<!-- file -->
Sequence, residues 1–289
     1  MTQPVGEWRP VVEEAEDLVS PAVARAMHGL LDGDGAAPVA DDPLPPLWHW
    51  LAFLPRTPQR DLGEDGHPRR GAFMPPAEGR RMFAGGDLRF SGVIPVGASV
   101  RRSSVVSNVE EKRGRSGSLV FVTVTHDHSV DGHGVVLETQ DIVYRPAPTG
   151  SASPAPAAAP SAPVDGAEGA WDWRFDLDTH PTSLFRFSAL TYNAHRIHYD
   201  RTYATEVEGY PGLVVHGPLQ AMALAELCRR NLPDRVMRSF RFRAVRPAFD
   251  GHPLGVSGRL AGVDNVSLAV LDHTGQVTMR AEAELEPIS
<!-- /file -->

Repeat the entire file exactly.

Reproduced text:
Sequence, residues 1–289
     1  MTQPVGEWRP VVEEAEDLVS PAVARAMHGL LDGDGAAPVA DDPLPPLWHW
    51  LAFLPRTPQR DLGEDGHPRR GAFMPPAEGR RMFAGGDLRF SGVIPVGASV
   101  RRSSVVSNVE EKRGRSGSLV FVTVTHDHSV DGHGVVLETQ DIVYRPAPTG
   151  SASPAPAAAP SAPVDGAEGA WDWRFDLDTH PTSLFRFSAL TYNAHRIHYD
   201  RTYATEVEGY PGLVVHGPLQ AMALAELCRR NLPDRVMRSF RFRAVRPAFD
   251  GHPLGVSGRL AGVDNVSLAV LDHTGQVTMR AEAELEPIS